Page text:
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Why Do You Own High-Yield Bonds?

Investors should assess why they own high-yield bonds and what their expectations are going forward. 

Sumit Desai, CFA, 08/15/2014

The high-yield market was rattled last week causing a $6.5 billion outflow out of high-yield funds and exchange-traded funds for the week ended Aug. 6. This brought a four-week streak of net redemptions totaling $12.5 billion. The massive outflows followed months of commentary suggesting the high-yield market was showing signs of froth and highlighting the risks to this sector after a multiyear bull run. It'll be interesting to see whether these outflows continue or whether investors waiting on the sidelines will now jump back into the fray given slightly higher yields following the sell-off. 

It's worth it to look at what led to this scenario and what to expect going forward. High-yield bonds have historically shown a higher correlation to equities than bonds. In fact, over the past five years ended July 31, 2014, the average fund in the high-yield bond category returned an annualized 10.6%, compared with 16.6% for the S&P 500 and 4.6% for the Barclays U.S. Aggregate Bond Index. Strong investor interest in high-yield bonds pushed high-yield spreads over Treasuries', to near all-time lows. The average spread for the Bank of America High Yield Master II Index was around 420 basis points as of Friday, Aug. 8, 2014, versus a historical average around 590 basis points. These low spreads mean that investors aren't getting paid much to take on the risks associated with high-yield bonds compared with relatively risk-free government bonds. 

Several factors have driven these results. Investors have grown confident in corporate balance sheets following the financial crisis, and issuers of high-yield bonds are currently experiencing default rates near 2%, well below the historical average of 4%. Default rates were even lower earlier this year, before the widely expected bankruptcy of TXU, one of the largest issuers of high-yield bonds and bank loans. For context, default rates were near 10% following the 2008 financial crisis. 

It's also possible that investors who moved into this category over the past several years did so in order to generate additional income and total return than could be realized in more-traditional fixed-income categories such as intermediate-term bonds. With default rates relatively benign and corporate balance sheets strong, investors were more comfortable taking credit risk over interest-rate risk. 

It's difficult to predict how high-yield bonds will perform in the short term, but trying to understand best- and worst-case scenarios can help investors manage expectations appropriately. Under a best-case scenario for the bonds, corporate fundamentals stay strong and rates stay low. In this environment, investors can likely expect to continue earning steady income off their underlying high-yield holdings. Even under this optimistic outlook, it's highly unlikely that these investments would realize much capital appreciation though, given little room for spreads to continue tightening even after the early-August sell-off.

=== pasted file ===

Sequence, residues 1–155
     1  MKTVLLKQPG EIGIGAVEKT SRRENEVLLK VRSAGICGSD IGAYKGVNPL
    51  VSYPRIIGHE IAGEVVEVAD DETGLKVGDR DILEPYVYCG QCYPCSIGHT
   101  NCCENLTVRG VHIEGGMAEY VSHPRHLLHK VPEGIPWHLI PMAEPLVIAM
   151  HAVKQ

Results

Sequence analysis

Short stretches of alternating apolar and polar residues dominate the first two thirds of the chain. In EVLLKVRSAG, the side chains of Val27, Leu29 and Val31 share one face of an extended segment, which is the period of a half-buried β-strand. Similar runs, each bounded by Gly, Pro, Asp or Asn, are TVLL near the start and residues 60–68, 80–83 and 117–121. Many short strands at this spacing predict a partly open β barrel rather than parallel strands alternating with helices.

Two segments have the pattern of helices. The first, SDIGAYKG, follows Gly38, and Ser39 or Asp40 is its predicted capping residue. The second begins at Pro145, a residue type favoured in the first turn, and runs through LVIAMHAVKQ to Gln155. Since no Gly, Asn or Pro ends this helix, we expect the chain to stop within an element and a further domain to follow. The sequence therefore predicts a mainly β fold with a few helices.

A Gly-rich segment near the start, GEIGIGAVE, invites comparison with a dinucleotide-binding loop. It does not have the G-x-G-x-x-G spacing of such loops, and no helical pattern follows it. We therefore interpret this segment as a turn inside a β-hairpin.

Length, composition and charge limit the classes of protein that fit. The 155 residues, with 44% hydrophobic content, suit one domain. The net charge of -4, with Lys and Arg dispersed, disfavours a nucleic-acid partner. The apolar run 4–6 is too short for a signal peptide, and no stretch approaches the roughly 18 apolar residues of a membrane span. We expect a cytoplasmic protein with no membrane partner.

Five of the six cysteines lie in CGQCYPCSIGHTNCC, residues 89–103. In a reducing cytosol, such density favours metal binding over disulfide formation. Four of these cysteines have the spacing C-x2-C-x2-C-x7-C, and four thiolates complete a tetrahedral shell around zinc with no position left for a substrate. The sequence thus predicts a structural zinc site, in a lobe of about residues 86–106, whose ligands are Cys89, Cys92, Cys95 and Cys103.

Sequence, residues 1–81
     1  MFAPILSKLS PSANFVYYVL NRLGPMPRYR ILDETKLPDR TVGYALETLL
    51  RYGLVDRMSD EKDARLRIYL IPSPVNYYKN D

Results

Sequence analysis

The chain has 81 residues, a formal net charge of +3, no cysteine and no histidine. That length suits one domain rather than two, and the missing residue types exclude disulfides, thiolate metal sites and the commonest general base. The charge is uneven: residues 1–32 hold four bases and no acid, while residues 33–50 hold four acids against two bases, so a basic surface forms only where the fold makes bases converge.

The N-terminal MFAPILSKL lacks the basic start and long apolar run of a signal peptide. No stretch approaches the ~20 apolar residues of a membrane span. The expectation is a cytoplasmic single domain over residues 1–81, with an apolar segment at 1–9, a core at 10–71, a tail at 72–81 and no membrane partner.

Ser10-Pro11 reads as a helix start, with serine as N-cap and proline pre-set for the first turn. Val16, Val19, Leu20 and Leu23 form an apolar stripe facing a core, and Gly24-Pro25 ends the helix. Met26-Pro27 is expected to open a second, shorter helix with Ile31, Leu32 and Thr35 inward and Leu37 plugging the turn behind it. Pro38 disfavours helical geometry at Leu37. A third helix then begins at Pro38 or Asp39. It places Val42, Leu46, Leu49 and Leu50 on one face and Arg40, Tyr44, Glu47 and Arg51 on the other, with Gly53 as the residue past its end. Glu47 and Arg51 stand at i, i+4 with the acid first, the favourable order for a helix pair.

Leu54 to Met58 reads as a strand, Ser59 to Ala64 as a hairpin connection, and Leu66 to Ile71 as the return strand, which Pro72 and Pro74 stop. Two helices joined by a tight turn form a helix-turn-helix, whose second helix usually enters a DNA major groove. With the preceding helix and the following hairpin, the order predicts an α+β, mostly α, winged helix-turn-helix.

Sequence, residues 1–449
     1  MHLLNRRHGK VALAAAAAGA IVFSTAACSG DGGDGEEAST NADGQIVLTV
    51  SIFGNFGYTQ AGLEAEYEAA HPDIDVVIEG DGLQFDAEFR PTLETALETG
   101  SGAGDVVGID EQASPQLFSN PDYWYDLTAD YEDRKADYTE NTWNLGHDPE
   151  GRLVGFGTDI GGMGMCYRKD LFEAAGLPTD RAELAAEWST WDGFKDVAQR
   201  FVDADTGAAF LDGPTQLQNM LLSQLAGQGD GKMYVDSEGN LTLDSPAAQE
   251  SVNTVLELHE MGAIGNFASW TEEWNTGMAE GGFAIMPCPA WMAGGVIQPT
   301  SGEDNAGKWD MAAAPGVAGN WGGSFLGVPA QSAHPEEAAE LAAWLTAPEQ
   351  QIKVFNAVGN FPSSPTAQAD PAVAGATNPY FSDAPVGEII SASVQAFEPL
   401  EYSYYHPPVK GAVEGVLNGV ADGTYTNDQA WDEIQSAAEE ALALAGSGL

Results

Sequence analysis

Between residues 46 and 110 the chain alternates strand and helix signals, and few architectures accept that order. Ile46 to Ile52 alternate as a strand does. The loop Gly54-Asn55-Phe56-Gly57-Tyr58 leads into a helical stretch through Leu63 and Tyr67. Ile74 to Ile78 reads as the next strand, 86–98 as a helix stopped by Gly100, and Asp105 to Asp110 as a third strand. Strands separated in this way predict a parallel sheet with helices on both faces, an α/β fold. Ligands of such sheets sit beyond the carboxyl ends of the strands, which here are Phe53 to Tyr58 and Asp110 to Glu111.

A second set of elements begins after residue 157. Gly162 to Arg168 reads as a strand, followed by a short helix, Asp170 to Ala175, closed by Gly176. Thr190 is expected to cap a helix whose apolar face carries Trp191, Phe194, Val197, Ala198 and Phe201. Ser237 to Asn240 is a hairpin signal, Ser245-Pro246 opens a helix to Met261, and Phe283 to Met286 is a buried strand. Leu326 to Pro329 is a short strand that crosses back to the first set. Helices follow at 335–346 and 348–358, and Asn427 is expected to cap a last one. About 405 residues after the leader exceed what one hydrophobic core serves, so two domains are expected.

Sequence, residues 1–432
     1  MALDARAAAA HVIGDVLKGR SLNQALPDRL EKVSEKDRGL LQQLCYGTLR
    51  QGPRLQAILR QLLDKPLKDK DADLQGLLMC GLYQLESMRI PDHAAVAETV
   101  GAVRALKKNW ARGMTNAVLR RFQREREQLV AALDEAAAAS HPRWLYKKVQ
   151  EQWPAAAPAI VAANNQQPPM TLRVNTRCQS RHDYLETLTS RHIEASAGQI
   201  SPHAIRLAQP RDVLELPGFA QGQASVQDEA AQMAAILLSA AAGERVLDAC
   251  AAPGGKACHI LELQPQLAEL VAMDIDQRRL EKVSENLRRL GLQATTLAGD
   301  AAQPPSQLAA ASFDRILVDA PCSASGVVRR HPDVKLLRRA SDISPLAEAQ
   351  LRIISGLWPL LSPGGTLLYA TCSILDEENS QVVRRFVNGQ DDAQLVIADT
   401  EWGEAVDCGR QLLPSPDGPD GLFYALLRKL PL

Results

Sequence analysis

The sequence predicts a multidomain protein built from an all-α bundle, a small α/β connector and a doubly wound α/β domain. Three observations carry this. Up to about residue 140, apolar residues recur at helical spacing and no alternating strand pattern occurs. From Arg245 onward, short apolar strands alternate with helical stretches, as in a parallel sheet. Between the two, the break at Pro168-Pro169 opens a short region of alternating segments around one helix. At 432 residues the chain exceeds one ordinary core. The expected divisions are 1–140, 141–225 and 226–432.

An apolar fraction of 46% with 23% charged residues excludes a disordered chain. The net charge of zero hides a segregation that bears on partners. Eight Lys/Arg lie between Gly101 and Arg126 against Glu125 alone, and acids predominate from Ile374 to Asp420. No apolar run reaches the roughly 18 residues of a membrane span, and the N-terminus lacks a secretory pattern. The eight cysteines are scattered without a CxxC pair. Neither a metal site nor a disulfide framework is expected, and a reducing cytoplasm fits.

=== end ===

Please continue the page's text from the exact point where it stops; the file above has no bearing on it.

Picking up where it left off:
Several events could lead to a much less optimistic outcome for these investments. An unexpected deterioration in credit quality or a sharp and unanticipated rise in interest rates would possibly cause a flight to safety, especially if higher yields elsewhere make the trade-off for holding high-yield bonds less appealing. Another concern is that a sharp sell-off would trigger liquidity concerns. As money flowed into this space, we've observed some fund managers willing to reach for yield by taking on increasingly illiquid (but higher-yielding) bonds that would be difficult to sell if investors flock en masse. High-yield fund investors should understand the risk tolerance of their fund managers and how returns have been achieved in the past. Under the "risk-on" environment of the past several years, the high-yield managers with the highest returns are often also the ones taking on the most risk. 

Closed-end funds offer some distinct advantages over open-end funds in the high-yield category, but of course also offer a different set of risks. By nature, closed-end funds do not have to deal with flows in and out of their funds, and thus aren't forced to exit positions at inopportune times. For this reason, it makes more sense to own illiquid securities in a closed-end fund than open-end vehicles. 

On the other hand, most high-yield closed end funds also utilize leverage, which adds a layer of volatility that unleveraged funds do not experience. Obviously, leverage can boost returns in positive markets, but also amplify losses in downturns. 

The early-August sell-off has caused discounts for some high-yield CEFs to widen, creating opportunities for those investors willing to take on the risks associate with the space. Below is a table of the eight cheapest high-yield CEFs ranked by their three-year Z-statistic. Caveat emptor though, as wide discounts will not necessarily help investors outperform if underlying NAV values continue to decline. 

Given this asymmetric risk in high-yield bonds (more downside than upside), investors need to reassess why they own high-yield bonds and what their expectations are going forward. For those seeking total return and equitylike returns, valuations suggest disappointment is ahead. Those who moved into this space for relative security from rising rates while generating income should understand that high-yield bonds are not a perfect substitute for core bond holdings and could display much higher volatility than recent performance may suggest. 

Sumit Desai, CFA is a senior stock analyst with Morningstar.

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